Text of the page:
This summer school will be intense – long enough to learn and experience a lot, but short enough such that instructors from all over the world could give their time and help lead the next generation of glacier researchers. The goal is to not only to learn, but to be inspired by others. Students might just learn something from someone in a different field that helps them see their research in a new way, or meet someone that may become a future collaborator and change the course of their research.
So, how to create that kind of environment… every morning, we will have presentations from instructors, and every afternoon, instructors (including me) will work with students on projects related to the topics discussed in the morning. Lectures may be (relatively) easy or more difficult, and projects will be team-based, and may just be too complex to completely work out (kind of like how scientific research works in general). At the end, students will report what they have accomplished in our own little mini-conference. And in between, we’ll go out on the glacier and see how things work first-hand!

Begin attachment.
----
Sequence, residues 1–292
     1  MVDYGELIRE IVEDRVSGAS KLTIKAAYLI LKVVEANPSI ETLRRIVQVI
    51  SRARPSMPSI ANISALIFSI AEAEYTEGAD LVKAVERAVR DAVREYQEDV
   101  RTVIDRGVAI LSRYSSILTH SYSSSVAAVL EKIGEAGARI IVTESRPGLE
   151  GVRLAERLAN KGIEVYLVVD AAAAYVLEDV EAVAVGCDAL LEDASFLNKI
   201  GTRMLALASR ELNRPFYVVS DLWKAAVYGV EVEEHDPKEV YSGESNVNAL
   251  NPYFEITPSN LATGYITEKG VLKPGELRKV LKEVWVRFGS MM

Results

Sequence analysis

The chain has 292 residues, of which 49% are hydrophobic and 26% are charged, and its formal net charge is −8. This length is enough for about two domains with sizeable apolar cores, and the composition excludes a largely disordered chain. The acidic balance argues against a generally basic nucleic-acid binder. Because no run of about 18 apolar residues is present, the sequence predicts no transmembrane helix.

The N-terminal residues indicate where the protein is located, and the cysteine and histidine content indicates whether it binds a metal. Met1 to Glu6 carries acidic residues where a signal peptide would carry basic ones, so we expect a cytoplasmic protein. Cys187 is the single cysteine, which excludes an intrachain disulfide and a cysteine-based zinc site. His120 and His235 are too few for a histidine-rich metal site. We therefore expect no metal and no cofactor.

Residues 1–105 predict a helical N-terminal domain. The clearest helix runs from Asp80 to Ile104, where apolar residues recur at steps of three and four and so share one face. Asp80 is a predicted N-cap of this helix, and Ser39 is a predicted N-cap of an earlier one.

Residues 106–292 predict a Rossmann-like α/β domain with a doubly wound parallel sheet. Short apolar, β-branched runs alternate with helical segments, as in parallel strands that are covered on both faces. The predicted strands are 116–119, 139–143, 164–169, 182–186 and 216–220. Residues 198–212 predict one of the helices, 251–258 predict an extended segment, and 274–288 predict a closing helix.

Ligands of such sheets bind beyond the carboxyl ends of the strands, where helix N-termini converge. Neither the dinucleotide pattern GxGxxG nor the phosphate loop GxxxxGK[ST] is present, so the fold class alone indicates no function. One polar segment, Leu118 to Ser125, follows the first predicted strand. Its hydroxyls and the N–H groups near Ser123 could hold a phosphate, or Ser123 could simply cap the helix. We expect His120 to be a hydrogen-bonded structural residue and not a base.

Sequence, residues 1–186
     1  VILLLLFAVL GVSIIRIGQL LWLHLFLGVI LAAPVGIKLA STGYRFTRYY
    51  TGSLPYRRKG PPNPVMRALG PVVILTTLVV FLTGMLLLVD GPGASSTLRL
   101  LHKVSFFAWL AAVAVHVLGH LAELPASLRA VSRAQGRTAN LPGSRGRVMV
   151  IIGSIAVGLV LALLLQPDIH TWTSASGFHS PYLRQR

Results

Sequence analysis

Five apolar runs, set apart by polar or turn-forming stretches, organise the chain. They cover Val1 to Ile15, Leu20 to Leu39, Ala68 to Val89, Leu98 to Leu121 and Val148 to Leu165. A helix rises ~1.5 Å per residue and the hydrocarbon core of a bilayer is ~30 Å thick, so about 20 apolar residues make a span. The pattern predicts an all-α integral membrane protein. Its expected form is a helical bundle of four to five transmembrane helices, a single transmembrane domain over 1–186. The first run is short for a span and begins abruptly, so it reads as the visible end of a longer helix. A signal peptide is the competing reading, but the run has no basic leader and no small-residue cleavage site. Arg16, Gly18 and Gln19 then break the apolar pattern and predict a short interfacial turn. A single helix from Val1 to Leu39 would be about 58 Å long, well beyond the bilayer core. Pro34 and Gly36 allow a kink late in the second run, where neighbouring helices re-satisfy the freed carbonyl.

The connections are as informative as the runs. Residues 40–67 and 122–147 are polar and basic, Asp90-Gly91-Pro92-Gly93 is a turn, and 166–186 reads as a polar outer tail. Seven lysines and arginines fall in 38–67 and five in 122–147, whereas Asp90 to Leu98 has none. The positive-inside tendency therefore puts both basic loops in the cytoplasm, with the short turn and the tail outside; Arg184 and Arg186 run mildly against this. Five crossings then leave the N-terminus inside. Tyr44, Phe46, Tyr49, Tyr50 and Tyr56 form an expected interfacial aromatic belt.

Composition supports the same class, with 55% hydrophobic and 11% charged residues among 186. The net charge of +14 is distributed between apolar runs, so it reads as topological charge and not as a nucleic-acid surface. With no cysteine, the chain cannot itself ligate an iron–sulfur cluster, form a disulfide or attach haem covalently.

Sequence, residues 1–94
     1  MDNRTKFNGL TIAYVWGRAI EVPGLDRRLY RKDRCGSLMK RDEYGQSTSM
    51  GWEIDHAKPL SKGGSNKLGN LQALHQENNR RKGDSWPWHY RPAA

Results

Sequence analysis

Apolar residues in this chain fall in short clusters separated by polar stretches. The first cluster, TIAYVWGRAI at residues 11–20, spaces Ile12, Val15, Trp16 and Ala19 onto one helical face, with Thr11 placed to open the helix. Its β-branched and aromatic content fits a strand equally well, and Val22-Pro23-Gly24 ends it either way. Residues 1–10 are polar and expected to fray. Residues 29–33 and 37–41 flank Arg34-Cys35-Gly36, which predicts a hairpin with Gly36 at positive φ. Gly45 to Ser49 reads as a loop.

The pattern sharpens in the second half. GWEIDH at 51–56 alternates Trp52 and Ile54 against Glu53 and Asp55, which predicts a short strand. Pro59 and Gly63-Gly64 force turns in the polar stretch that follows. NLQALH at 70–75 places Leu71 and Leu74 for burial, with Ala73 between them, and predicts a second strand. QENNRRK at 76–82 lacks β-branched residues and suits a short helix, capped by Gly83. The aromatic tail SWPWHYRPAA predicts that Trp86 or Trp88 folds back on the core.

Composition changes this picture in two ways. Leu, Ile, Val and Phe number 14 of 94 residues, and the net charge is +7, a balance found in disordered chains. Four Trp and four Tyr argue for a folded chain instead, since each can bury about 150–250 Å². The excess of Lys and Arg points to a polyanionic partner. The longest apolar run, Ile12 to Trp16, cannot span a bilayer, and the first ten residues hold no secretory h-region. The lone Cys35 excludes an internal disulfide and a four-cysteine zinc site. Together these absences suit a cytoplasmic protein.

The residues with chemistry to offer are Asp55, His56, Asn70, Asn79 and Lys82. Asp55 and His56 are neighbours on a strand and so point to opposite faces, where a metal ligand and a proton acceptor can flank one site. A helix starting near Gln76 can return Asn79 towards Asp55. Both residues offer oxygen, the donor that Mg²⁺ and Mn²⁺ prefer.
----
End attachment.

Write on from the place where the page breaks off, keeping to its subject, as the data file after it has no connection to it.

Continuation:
Lectures and project exercises will take place across from the hardware store, at “The Porphyry.” This is a proper log cabin, with a 5-foot door, cast iron pots hanging from ceiling logs… and a projector and whiteboard for presentations. (Just take off your shoes before entering.)
Inside The Porphyry, we will be learning about…
Glacier mass balance
Glacier meteorology and energy balance
Glacier mass changes
Ice sheet modeling
…and science communication
Did I mention it would be intense? If you don’t know what those things are in that list, you’re probably not alone. But hopefully we (including you and me) will all learn more from the students themselves. As the instructor for Science Communication during the summer school, I am going to work with students on just how they can tell you all about it. So check back on the blog for what they have to say!